The SpaceX Crew Dragon capsule safely docked at the international space station on Sunday with two NASA astronauts on board, a crucial milestone for this mission, which marks the return of American launches to the ISS after nine years of interruption.
Bob Behnken and Doug Hurley, who took off aboard a Falcon 9 rocket the day before from Florida, are the first astronauts to reach the ISS, 400 km from Earth, using a vehicle from a private company.
The Crew Dragon capsule docked at the ISS at 2:16 p.m. GMT, a few minutes ahead of schedule, after approximately 19 hours of travel.
The airlock between Dragon and the space station must now be depressurized before the capsule hatch is opened. The two space veterans, former military pilots, will then find the current residents of the station, two Russians and an American.
"It has been an honor to be part of this nine-year effort since the last time an American vehicle docked at the international space station," said Doug Hurley, 53.
Since the end of the space shuttles in 2011, Russian rockets have been sending the Americans to the ISS.
NASA has commissioned SpaceX to develop a new space taxi, and if this mission - which could last until August - is certified safe, the Americans will no longer depend on the Russians for access to space.
For three billion dollars, granted since 2011 as part of a fixed price contract, SpaceX promised NASA six round trips to the ISS, with four astronauts on board.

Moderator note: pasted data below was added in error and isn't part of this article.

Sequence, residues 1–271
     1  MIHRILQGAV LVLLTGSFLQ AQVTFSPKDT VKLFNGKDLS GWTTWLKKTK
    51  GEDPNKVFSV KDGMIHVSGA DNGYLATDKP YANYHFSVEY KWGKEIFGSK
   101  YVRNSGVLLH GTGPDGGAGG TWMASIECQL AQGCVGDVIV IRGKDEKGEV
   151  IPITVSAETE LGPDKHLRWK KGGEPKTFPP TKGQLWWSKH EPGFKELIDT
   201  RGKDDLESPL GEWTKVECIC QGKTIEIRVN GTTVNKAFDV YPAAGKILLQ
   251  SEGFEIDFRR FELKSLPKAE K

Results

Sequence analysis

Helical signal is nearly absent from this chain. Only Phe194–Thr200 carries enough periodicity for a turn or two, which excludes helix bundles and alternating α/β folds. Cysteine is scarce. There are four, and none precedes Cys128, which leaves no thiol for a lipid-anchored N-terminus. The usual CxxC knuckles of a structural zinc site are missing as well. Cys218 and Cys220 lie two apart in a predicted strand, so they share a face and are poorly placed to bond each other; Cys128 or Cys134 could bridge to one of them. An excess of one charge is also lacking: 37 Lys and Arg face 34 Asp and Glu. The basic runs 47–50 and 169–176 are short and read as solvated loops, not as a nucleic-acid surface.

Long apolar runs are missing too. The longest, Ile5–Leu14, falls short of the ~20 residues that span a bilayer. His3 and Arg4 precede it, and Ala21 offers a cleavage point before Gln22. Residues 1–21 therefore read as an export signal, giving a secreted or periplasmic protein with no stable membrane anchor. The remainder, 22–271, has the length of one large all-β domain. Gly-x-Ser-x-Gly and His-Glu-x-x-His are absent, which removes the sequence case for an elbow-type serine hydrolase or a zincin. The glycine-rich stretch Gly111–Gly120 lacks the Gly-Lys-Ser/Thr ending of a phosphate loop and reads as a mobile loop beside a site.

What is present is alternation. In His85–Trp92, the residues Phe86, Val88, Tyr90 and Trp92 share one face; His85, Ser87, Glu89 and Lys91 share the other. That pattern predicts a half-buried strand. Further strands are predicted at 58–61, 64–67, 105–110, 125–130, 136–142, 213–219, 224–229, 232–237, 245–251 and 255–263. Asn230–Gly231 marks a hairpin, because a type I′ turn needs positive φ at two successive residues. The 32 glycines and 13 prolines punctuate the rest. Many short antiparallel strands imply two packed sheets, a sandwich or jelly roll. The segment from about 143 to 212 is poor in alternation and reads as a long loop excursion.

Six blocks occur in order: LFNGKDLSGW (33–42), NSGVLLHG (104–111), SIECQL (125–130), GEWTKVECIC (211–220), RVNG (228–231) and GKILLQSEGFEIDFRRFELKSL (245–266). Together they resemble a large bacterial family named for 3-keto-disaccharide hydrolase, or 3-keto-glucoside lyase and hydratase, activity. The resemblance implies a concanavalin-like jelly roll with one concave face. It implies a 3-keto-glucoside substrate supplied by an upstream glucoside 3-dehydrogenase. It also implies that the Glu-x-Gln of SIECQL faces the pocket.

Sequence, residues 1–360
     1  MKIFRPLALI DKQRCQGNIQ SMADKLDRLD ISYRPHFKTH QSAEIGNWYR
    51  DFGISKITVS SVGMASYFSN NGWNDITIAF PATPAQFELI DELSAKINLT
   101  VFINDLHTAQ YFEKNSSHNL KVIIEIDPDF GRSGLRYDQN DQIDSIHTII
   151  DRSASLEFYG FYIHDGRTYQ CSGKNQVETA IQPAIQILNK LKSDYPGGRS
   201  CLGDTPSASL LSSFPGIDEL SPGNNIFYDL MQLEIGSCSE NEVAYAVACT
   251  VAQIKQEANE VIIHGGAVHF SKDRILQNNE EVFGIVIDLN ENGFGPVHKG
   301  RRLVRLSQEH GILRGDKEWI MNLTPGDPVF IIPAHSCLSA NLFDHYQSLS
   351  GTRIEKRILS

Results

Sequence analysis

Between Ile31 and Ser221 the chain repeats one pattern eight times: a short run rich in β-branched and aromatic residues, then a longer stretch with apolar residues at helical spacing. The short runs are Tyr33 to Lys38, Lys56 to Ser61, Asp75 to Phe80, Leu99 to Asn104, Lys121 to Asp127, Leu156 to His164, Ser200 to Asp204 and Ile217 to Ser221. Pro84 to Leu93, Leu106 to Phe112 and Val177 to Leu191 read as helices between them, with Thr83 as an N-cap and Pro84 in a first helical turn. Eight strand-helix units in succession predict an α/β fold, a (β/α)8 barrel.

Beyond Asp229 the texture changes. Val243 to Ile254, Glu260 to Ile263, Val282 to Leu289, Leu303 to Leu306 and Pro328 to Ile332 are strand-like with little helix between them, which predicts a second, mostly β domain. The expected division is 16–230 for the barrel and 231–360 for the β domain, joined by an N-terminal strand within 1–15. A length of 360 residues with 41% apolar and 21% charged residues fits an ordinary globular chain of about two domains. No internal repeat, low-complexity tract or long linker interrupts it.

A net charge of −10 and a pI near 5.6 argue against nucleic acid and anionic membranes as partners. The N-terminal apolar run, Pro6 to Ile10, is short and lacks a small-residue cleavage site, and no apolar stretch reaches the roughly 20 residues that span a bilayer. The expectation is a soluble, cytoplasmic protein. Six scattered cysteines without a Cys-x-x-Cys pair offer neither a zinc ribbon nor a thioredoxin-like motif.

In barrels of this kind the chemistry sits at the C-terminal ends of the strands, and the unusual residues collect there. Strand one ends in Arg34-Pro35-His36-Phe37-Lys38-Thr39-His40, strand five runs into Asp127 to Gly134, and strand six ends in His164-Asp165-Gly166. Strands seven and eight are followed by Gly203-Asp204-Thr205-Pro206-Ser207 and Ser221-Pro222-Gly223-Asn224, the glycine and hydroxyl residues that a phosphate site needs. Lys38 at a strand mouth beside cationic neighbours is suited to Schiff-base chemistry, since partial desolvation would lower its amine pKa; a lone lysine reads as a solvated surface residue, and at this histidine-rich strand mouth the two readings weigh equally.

- First stage -
SpaceX has already been delivering cargo to the ISS since 2012, but this is the first time that NASA has entrusted it with its most precious resource: its astronauts.
"Today's launch demonstrates that the future belongs to the private space industry," said Donald Trump, who witnessed the rocket's takeoff from the Kennedy Space Center in person on Saturday.
The American president applauded the founder of SpaceX, who was very moved at the conference following the launch. "I find it hard to speak, it's been 18 years that we've been working with this goal. I can't believe it happened," said Elon Musk.
For this visionary entrepreneur, obsessed with the red planet, this is "a first step in our journey to establish a civilization on Mars", and to make humanity a "multiplanetary species".
The ex-start-up has beaten Boeing, a group also tasked by NASA to send astronauts to the ISS in the future, but whose Starliner capsule missed an empty test flight last year .
The changing weather almost threatened to take off Falcon 9 for a second time on Saturday, when lightning risks had already forced its postponement on Wednesday.
The rocket built near Los Angeles finally took off without problem in a largely blue sky, at 3:22 p.m. (1922 GMT), under the eyes of tens of thousands of people installed along the beaches of the area.
The hypersonic ascent was broadcast live by cameras inside the Crew Dragon capsule, and once in orbit, the two astronauts offered a guided tour, making somersaults in weightlessness.
© 2020 AFP